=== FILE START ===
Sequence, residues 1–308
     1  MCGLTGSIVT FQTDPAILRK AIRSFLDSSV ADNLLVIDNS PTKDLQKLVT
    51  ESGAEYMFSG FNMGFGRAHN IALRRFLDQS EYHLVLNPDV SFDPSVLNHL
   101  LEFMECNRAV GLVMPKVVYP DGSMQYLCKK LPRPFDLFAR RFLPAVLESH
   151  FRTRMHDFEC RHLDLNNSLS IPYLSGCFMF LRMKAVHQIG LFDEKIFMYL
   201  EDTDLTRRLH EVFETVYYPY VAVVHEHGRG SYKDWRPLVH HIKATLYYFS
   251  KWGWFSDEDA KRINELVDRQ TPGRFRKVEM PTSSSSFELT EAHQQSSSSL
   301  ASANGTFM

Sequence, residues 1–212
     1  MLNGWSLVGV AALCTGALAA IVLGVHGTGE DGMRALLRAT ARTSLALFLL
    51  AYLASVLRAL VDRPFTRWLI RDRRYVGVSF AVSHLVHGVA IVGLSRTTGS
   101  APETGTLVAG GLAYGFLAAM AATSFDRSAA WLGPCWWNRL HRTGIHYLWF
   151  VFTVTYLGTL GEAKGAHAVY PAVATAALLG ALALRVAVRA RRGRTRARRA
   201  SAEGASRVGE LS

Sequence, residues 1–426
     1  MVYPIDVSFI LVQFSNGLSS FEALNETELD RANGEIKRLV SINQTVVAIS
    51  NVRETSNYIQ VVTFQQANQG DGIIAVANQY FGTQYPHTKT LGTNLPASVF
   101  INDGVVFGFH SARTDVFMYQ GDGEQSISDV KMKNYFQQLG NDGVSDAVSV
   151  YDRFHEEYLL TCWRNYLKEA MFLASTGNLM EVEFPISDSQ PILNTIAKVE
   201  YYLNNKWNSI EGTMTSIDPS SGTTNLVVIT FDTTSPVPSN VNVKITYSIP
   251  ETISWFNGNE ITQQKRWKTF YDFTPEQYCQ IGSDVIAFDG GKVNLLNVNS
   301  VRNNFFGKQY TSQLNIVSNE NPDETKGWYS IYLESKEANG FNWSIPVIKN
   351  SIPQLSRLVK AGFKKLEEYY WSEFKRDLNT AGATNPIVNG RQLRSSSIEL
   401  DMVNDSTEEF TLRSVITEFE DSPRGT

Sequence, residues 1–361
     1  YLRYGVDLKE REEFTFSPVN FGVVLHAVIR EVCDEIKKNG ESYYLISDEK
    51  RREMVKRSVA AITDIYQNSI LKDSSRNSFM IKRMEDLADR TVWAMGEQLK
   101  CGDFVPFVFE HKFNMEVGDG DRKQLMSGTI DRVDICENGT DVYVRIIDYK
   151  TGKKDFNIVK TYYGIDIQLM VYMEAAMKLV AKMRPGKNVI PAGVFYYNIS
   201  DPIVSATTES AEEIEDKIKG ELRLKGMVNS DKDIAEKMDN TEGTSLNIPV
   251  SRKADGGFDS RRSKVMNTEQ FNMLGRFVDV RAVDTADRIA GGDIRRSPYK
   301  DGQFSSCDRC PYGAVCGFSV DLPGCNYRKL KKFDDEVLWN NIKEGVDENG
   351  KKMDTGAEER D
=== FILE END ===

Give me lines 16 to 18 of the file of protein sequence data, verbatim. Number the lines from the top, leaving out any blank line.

     1  MVYPIDVSFI LVQFSNGLSS FEALNETELD RANGEIKRLV SINQTVVAIS
    51  NVRETSNYIQ VVTFQQANQG DGIIAVANQY FGTQYPHTKT LGTNLPASVF
   101  INDGVVFGFH SARTDVFMYQ GDGEQSISDV KMKNYFQQLG NDGVSDAVSV